"That's Real Fear in My Eyes." Jack Quaid Talks Snakes, Guillotines and Alice Cooper

HBO

What appealed to you about the role?

Jack Quaid

What I like about Clark is that in a job that is historically very cool, he is the least cool person in that office. I think that's who I'd be if I had the job. I'm a little too square for it. I found that bringing a character like that -- a guy who is uncomfortable in situations that involve sex, drugs and rock and roll -- bringing him through that world is a real fun thing to do. I brought a certain side of myself to the role, and that's always the most fun work for me.

Also, I've always been into classic rock. I'm a child of the '90s, when boy bands were the thing. I remember being very frustrated because all my friends were into them and I wasn't. My dad introduced me to classic rock -- he'd play it in the car on the way to school. One of my first concerts -- I don't know how this happened, we got wind of a Rolling Stones secret show at a bar in Toronto -- I was like 10 or 11, in a bar, and the first time I heard "Satisfaction" was Mick singing it on stage.

HBO

Have you imagined any backstory for Clark?

Jack Quaid

Before any role, I write out a little fake autobiography for myself. As the show developed and I read more scripts, certain things would diverge from what I imagined, but there were a lot of things that were eerily similar -- so much so that I wondered if someone had read my notes! Martin Scorsese has this childlike energy and passion for his characters, so he knows these guys even before you step into their shoes. But he lets you take over certain parts of the role too, so you're collaborating together to find a character.

HBO

Obviously you didn't live through the 1970s, so how did you prepare for the role?

Jack Quaid

To get a sense of what it was like to live in that time period, I watched a lot of movies. I watched Klute to understand 1970s New York City; the documentary Woodstock, which was all about free love in the 1960s; and Gimme Shelter, which is all about the Rolling Stones and the Hell's Angels at Altamont Speed Way, and how all this free love and lightness turned into darkness in just a blink of an eye. Those really helped me nail down the identity of the period and what we as a culture had to face back then.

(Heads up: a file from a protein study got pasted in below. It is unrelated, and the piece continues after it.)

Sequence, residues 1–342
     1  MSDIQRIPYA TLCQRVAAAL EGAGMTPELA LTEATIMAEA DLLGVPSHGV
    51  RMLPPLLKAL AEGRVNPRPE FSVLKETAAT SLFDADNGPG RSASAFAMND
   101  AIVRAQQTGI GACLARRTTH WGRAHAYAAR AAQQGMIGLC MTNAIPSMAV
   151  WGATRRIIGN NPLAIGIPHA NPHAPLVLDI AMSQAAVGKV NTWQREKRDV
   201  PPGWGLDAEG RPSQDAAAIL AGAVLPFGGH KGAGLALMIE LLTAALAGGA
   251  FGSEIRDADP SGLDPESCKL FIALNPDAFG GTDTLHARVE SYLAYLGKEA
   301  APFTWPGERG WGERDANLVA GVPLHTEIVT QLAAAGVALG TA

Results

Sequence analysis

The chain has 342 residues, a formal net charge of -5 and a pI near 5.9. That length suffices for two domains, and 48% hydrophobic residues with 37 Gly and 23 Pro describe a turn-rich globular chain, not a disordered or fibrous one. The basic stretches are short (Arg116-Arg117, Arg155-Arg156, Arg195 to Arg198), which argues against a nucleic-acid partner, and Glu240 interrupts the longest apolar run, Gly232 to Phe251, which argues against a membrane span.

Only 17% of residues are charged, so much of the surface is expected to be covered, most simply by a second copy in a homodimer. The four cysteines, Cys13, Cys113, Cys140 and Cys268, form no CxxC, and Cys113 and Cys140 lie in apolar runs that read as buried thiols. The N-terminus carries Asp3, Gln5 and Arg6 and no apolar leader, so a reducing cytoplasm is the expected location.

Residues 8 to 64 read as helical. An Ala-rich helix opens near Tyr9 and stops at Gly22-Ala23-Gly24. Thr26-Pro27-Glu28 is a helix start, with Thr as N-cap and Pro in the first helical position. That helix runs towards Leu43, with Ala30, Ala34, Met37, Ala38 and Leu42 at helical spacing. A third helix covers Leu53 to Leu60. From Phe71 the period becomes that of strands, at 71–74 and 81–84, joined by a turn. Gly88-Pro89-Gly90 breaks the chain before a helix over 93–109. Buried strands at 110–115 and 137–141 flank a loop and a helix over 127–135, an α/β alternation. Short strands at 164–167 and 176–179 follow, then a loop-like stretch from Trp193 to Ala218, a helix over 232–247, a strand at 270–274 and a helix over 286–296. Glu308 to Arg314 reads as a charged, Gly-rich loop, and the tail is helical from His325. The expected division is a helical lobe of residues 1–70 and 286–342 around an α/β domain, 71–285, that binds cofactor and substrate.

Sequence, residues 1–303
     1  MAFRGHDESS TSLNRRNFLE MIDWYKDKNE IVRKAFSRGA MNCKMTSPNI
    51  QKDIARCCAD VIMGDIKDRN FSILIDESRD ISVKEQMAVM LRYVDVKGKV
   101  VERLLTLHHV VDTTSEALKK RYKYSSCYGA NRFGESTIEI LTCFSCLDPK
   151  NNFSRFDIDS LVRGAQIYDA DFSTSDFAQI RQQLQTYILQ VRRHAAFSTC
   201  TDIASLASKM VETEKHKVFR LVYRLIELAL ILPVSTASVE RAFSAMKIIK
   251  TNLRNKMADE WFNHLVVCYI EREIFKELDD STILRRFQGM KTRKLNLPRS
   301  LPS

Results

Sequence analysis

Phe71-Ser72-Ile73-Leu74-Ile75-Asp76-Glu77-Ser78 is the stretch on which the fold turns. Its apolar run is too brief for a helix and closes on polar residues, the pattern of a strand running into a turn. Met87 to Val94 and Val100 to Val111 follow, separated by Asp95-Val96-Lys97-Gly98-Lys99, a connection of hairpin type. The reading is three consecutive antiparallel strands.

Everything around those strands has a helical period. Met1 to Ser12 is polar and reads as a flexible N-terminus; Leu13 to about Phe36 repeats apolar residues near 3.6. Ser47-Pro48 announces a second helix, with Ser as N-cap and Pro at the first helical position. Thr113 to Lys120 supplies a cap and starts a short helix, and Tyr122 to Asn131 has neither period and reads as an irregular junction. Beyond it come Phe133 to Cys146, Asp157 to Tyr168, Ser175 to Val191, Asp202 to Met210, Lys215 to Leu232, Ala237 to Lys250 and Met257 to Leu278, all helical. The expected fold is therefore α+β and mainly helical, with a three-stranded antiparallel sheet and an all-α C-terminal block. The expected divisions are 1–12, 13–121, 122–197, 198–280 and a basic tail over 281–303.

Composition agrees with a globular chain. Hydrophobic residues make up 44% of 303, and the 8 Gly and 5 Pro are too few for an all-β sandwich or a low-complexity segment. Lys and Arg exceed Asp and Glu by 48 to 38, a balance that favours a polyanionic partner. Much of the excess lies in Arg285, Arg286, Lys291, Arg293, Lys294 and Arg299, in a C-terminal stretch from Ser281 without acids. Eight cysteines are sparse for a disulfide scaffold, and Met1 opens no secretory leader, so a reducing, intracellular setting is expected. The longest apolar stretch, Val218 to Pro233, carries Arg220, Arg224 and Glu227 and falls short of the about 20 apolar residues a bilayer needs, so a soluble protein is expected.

HBO

There was some other things that you probably couldn't have prepared for -- like donning Alice Cooper's boa constrictor.

Jack Quaid

I met the snake at rehearsal, and I remember asking the animal wrangler, whose name was Tarzan -- he had the long hair and everything -- "So, what's the snake's name?" He was like, "Oh, it doesn't have a name." I think it would have been a lot better if his name was like, Terry. Terry the Snake.

The thing about that scene is that we shot it so it'd look like sunrise, but the sun was actually setting and we only had a limited amount of time to get the shot. The snake was on me most of the time so I'm more or less getting used to it, though it's still a little scary and also very heavy. Eventually, the snake started getting tired of being on me, like a guy who's been standing for too long, and his head goes limp. The animal trainer started tapping it in the face to get it to perk up, and the snake bit him. I didn't have to act too much in that scene -- that's real fear in my eyes. Thank god I didn’t have to be Alice Cooper and pretend to be totally comfortable with the snake. That would have been the worst.

HBO

Speaking of fear, what was it like to film the scenes in the guillotine?

Jack Quaid

Well, we added the actual blade in post-production, so that took one element out of it, but it's still pretty scary to hear that "THUNK" right above your neck take after take. That was Alice Cooper's guillotine that he used on the Billion Dollar Babies tour, so the fact that we got to use a real piece of rock history was absolutely incredible.

HBO

Did you have a personal connection to Alice Cooper's music before the show?

Jack Quaid

I knew "School's Out" and a couple other songs, but I didn't know much about him as a person. I watched a documentary called Super Duper Alice Cooper, which really helped me get inside of his head and understand how pivotal he was to rock and roll back then. He used a ton of theatrics in his shows and nobody was really doing things like he was at the time.

HBO

Why does Clark think he can sign Alice?

Jack Quaid

Because signing him would be a goldmine. If he could pull it off, he can save his job, no matter what happens to American Century. That's why Clark follows him everywhere -- if he can just pull this off, no one can talk shit about him anymore. I think that's one of Clark's follies -- he goes so far as to try to poach somebody. He'll steal an act before he finds what's next, and I think that's something that Clark genuinely tries to get over [this season]. He has to learn to stop listening for what's popular or what's going to make him money and to listen for what's next. Vinyl is very much about this turning point in music, so he has to ride that wave or sink.

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